The group safely crosses Dollars Lake, clearly marked with the orange reflector stakes and head into Port Loring, a popular destination for sledders.

Where to Stay & Eat

You will have several options for meals and accommodation. Pine Grove Resort Cottages, long operated by the Chambers family, offers accommodations in their Farmhouse or Chalet for the trail-weary rider. Roxie's Diner is open daily except Mondays, and now offers accommodations as well as “good eats.”

Moe’s group decides to make Powassan their final stop. This means a long day's trip, since they started early in the morning, had a bite in Port Loring and then made it to Powassan around 7 pm that night! A couple of hours of that is night riding, which has a charm of its own. A line of sled headlights breaks the darkness of the boreal forest and reflects the gleam of who knows what creatures' eyes, as their solitary night hunt is disturbed.

For those of you who don't want to ride quite that hard, try overnighting in Port Loring, then riding up Nipissing way to North Bay. This city truly is snowmobile-friendly, with many restaurants, hotels, motels and lodges putting out the welcome mat for sledders. If you are worried about your sled, the Best Western North Bay is not only just off the trail system, but they have a secure lock-up and all the amenities including a hot tub. Wouldn't that feel great after a long day's ride?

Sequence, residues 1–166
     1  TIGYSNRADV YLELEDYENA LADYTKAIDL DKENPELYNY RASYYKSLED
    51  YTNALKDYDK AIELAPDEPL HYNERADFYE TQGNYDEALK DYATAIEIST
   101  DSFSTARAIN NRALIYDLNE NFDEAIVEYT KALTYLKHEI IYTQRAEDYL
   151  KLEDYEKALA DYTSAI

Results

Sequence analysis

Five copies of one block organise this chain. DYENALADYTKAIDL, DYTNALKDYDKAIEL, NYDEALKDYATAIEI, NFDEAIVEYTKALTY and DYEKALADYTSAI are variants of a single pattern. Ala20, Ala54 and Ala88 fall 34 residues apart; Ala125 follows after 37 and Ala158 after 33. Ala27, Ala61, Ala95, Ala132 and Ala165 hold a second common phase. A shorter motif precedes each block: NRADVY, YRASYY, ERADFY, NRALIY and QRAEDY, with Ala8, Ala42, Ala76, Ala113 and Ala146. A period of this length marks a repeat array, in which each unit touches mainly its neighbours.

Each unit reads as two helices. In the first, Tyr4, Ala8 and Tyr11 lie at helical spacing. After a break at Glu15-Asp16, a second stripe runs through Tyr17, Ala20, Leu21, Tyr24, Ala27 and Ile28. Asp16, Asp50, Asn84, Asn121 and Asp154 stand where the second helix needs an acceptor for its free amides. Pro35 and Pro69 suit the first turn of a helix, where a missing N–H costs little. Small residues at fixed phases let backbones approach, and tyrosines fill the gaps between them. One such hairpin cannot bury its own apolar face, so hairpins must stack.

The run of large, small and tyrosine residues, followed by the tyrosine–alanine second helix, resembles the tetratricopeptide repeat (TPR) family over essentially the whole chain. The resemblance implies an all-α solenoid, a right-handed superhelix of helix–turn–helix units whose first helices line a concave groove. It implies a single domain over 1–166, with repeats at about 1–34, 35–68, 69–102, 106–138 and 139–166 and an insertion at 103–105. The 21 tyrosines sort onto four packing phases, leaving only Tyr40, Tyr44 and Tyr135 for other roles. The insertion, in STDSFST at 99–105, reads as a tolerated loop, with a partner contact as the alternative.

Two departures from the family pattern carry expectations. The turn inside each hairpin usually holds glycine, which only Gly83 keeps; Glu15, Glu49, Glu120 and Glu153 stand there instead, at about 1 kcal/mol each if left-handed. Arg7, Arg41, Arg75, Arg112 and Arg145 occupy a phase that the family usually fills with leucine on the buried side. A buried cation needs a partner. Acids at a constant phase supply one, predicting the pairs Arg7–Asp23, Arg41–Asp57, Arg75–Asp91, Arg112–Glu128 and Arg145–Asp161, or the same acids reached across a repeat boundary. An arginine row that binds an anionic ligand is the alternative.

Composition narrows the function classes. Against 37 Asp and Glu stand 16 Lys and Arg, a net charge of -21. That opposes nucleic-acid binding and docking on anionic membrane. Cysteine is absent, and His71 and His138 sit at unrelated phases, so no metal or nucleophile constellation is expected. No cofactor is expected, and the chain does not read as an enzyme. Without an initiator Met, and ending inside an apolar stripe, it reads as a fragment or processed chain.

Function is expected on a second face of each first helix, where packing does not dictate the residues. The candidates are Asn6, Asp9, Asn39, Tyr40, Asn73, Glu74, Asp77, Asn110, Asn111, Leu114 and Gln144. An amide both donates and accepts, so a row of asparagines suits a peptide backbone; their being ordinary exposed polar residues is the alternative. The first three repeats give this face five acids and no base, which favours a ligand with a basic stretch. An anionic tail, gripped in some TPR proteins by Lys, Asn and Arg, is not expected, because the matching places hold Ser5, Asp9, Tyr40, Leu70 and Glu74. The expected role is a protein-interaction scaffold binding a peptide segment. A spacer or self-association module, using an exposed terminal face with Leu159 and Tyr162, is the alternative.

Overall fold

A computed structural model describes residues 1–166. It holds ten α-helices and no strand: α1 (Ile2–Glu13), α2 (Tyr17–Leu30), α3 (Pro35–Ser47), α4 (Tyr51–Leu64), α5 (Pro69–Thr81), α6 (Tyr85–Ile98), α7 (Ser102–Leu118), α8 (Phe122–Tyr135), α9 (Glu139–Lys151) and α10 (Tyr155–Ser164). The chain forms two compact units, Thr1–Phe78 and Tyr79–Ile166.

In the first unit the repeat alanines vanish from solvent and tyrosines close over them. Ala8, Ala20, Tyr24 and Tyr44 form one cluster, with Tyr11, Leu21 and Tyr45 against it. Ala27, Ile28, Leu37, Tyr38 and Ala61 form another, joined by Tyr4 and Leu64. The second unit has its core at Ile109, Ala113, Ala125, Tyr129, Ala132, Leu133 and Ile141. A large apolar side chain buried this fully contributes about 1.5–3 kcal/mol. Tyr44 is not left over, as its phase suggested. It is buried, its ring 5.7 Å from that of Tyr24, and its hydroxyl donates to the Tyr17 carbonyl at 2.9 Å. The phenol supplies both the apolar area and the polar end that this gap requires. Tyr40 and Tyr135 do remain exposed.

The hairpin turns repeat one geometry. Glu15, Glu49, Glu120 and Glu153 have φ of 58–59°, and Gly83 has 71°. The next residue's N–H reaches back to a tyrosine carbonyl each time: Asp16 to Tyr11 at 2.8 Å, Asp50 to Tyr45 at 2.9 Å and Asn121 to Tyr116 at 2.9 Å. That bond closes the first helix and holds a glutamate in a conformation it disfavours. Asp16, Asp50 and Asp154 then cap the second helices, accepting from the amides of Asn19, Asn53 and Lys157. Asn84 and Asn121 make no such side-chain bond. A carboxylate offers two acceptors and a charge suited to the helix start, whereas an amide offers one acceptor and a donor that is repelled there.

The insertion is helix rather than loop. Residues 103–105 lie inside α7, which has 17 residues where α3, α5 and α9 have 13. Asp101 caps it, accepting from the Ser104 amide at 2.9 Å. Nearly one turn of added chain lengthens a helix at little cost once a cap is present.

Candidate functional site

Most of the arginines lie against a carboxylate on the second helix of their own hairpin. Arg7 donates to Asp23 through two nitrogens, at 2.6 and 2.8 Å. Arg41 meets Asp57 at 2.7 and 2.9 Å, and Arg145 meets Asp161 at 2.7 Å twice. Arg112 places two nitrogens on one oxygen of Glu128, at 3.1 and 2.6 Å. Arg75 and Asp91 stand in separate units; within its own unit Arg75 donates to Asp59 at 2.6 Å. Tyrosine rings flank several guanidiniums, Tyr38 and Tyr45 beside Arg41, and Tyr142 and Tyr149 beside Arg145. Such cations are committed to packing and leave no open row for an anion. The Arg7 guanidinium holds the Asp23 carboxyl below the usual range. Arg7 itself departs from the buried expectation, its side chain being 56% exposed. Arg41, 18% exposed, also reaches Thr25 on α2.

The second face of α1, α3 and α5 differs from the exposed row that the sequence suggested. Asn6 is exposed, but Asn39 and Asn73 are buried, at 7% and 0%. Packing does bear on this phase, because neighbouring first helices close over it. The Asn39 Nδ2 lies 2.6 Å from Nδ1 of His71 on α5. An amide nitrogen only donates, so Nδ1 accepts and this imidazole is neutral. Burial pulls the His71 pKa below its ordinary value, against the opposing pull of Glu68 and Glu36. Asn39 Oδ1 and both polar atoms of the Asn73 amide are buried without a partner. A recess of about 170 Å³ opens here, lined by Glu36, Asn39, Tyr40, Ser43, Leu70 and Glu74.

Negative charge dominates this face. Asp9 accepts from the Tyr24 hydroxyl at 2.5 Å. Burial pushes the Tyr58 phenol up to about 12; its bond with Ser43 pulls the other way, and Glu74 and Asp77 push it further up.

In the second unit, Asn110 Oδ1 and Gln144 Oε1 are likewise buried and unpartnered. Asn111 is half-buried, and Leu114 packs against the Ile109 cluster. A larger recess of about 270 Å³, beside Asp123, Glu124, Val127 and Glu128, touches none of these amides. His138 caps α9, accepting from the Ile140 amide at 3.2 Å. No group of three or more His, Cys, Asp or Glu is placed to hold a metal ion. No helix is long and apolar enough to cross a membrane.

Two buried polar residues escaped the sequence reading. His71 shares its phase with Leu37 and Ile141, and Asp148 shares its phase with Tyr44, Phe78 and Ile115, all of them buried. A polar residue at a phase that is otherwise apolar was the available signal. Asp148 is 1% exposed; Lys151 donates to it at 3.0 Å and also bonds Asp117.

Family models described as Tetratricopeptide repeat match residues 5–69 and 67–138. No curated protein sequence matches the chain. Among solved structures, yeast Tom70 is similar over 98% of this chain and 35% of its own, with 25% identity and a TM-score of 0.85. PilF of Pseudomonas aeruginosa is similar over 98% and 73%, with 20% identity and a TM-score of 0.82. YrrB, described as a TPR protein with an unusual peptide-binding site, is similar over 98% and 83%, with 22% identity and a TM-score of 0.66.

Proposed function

Be Prepared to Hit the Trails

Wherever you choose to go using Northeastern Ontario’s snowmobile trail system, remember to make use of the many tools available to make your trip safe and enjoyable.

Make use of the OFSC website. Not only can you plan your exact route, but you will have at your disposal the latest update on trail conditions, closures, detours, and weather. You can also purchase your OFSC trail permit, required to use the trail system.

Remember that safety comes first. Never drink and sled. The Ontario Provincial Police may be on the trails checking for permits, and for alcohol use. This brings me to the next item – always have your license, ownership, and insurance with your trail permit. If you're stopped during a RIDE program, you will need to show the documents.

Always have these few essentials with you: 

  • Extra snack food 
  • A change of dry clothing in case yours get wet – digging a snowmobile out of deep snow can cause you to sweat and get a chill 
  • Bring a lighter 
  • Keep your ice picks around your neck at all times in case of a water-crossing incident 
  • If you are at all concerned about gassing up along the way, bring extra gas and oil with you 
  • Plan your stops and keep an eye on weather conditions 

This way you too can be snowmobiling for 40 enjoyable years like my friend Moe Proulx.

About Erin Downey

was born in Chapleau and raised in White River, Ontario. The youngest of nine children, she was introduced to the outdoors at a young age. After graduation from Media Arts, she became a radio announcer and then a marketing executive. She now resides on Manitoulin Island.